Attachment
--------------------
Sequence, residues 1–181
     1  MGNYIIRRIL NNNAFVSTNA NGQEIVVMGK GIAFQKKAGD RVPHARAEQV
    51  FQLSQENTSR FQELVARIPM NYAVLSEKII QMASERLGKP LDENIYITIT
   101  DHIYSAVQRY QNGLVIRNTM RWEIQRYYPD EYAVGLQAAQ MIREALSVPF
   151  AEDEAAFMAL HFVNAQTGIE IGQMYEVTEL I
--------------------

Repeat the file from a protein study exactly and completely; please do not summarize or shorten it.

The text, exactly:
Sequence, residues 1–181
     1  MGNYIIRRIL NNNAFVSTNA NGQEIVVMGK GIAFQKKAGD RVPHARAEQV
    51  FQLSQENTSR FQELVARIPM NYAVLSEKII QMASERLGKP LDENIYITIT
   101  DHIYSAVQRY QNGLVIRNTM RWEIQRYYPD EYAVGLQAAQ MIREALSVPF
   151  AEDEAAFMAL HFVNAQTGIE IGQMYEVTEL I